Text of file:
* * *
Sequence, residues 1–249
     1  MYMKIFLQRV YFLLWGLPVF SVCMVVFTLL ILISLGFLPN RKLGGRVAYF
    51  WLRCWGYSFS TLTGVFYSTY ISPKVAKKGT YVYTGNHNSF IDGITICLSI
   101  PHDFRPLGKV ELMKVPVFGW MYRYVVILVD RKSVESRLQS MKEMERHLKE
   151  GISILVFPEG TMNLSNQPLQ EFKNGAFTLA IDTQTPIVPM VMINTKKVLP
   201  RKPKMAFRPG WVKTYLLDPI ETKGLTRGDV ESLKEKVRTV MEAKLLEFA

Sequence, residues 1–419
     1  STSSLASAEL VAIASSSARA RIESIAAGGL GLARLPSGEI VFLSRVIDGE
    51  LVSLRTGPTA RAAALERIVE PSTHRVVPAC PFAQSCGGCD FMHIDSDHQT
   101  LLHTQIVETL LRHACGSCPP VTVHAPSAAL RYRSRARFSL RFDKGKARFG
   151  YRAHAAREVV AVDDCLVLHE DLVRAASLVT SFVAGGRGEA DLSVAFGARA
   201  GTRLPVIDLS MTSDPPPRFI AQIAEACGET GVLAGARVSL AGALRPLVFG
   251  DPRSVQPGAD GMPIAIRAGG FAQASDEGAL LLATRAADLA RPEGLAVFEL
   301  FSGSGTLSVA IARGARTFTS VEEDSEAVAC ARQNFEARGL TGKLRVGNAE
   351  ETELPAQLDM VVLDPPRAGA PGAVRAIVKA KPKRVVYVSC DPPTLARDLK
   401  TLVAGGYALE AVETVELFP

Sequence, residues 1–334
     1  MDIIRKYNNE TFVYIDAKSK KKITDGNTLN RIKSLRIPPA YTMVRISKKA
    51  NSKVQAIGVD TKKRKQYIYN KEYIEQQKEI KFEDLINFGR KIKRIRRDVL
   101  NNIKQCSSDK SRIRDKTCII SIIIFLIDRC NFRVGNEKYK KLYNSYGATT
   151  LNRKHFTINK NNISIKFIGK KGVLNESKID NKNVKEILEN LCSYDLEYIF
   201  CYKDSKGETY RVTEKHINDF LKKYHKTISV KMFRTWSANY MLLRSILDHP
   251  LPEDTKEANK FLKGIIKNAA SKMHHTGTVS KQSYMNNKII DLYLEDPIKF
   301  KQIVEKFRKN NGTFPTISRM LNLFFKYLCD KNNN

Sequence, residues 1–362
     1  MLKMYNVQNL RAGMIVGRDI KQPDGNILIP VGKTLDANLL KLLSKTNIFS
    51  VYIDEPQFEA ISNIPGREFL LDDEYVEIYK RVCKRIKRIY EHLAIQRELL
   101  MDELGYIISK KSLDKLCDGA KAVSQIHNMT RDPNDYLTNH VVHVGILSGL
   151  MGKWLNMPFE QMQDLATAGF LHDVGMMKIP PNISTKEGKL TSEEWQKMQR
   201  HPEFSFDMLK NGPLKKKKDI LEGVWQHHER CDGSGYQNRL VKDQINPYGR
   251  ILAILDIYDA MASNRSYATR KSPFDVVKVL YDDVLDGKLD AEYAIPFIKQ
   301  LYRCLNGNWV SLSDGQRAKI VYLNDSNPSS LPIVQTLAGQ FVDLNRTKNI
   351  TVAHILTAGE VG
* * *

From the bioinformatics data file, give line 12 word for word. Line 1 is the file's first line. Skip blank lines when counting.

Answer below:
   201  GTRLPVIDLS MTSDPPPRFI AQIAEACGET GVLAGARVSL AGALRPLVFG